Healing with Horses

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Using horses to help people heal, that’s the idea behind equine therapy at Trinity Equestrian Center in Eau Claire.

The center started in 2002. Today, it offers a range of therapy based programs.

Once a week, Nicholas is ready to saddle up for therapeutic riding.

It’s tough for him, but he knows he’s benefiting from it, so that keeps him coming back, said Penny Wilke.

The 30-year-old began riding at Trinity Equestrian Center in Eau Claire in 2011.

Nic has cerebral palsy. According to his mom, Penny Wilke, Nic’s main muscular abnormality is spasticity, which means certain muscles are continuously contracted.

He’s done a lot of different forms of therapy throughout his life. It’s the horseback riding that’s helped him the most retain his core strength and his ability to use his legs, said Wilke.

So when we put him on the horse, the horses’ movement simulates the same as a person walking. So that works his core muscles. Helps him keep upright, more straight, less slouching. Gives him more strength, more balance for other activities, said Lead Equine Specialist at Trinity Equestrian Elizabeth Todd.

We define equine therapy as using horses to help people heal. We’re using the horse to help people. We use horses because they have all the same emotions that people have, they can’t hide them, said Todd.

Formerly a teacher, Todd is a certified therapeutic riding instructor.

In addition to supporting people with physical disabilities, Trinity Equestrian offers equine therapy to veterans & their families and children or adults who’ve experienced physical or emotional traumas.

It’s not talk therapy so a lot of people find that by working with a horse, they can work through their issues and their traumas without having to actually talk about them, said Todd.

For some, equine therapy doesn’t involve horseback riding.

We have different kinds of therapy. We have therapy on the ground where they actually do an activity with the horse, and they work with a mental health counselor, said Todd.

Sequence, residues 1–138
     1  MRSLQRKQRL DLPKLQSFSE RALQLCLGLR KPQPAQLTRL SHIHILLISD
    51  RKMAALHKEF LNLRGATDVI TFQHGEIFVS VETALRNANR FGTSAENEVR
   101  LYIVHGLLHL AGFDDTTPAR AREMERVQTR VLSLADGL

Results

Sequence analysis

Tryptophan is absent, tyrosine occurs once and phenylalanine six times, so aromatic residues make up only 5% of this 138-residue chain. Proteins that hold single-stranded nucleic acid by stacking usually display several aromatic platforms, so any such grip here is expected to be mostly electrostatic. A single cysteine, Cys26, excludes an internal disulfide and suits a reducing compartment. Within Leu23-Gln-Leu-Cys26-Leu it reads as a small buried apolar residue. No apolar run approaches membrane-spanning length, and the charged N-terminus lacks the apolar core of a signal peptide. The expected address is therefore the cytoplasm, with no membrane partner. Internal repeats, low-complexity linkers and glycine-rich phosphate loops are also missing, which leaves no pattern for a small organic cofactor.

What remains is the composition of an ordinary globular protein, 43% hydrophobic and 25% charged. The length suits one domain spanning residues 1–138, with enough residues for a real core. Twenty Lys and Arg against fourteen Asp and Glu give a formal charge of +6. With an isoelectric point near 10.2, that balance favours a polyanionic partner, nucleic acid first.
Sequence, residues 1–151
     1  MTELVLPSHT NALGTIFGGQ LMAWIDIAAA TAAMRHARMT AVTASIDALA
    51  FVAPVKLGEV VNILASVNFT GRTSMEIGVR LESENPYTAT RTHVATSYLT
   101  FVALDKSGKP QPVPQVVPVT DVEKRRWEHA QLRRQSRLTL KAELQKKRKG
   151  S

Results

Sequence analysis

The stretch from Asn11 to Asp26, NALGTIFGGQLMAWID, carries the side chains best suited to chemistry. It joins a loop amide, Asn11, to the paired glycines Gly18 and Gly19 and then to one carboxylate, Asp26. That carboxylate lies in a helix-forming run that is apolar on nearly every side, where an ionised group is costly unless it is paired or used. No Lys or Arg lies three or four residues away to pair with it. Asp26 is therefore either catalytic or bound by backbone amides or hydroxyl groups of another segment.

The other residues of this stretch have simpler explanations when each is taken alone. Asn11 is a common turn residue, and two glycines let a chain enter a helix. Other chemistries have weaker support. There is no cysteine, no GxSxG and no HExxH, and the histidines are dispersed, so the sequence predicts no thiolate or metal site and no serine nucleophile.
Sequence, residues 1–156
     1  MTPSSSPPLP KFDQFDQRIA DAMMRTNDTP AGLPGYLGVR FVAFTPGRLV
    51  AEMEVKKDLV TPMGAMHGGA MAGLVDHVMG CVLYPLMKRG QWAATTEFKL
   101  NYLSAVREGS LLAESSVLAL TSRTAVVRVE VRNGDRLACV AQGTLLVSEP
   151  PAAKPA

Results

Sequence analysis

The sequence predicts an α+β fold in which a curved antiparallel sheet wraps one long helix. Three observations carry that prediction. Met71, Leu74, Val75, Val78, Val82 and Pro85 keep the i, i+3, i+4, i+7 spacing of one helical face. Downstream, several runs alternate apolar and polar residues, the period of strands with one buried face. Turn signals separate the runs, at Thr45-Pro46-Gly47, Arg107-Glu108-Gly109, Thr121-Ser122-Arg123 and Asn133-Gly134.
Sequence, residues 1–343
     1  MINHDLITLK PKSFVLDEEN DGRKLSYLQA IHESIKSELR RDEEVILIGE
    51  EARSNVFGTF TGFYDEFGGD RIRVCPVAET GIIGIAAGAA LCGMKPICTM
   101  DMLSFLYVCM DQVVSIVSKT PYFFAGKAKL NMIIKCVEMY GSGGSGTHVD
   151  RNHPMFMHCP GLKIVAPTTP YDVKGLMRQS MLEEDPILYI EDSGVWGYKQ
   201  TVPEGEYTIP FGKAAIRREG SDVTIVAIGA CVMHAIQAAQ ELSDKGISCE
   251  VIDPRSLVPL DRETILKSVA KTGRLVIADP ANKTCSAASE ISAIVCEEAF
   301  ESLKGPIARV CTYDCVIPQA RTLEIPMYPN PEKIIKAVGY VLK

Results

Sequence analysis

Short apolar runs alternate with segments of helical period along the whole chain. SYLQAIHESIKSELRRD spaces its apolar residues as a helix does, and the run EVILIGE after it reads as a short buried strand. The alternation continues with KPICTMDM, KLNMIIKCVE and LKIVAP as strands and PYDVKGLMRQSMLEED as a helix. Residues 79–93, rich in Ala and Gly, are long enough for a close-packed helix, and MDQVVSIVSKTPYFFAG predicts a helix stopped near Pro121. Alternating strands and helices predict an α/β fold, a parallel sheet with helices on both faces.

For Nic, his mom says there’s clear physical benefits with therapeutic riding.

It helps him make breakthroughs and then retain what he’s able to do with walking with his gait trainer, with upright posture, posture in his wheelchair, said Wilke.

She says her son also benefits mentally.

The fact that Elizabeth has made him a so-called assistant trainer, really helps with that cognitive, social, emotional all those pieces too with him feeling a sense of worthwhile he’s also being helped. And he loves the horses. It really is an unspoken connection, said Penny Wilke.

When they’re with a horse, they become empowered, they get confident, they get skills, they learn to process, and they have a thousand pound friend. So when they’re riding they can accomplish anything, said Elizabeth Todd.

Whether physical or emotional accomplishments, they don’t come without work or without a little help.

It’s the horses as much as we would like to take credit as humans, it’s all about their healing power, said Todd.

Trinity Equestrian Co-Owner Toni Mattson says the center is always open for more people who need a form of healing. A person may qualify for funding or scholarship opportunities.

Programs for veterans and their families are free.

You can help support those programs by attending the annual horsepower for veterans motorcycle run and fundraiser coming up June 22.

For more  on Horsepower for Veterans, click here.

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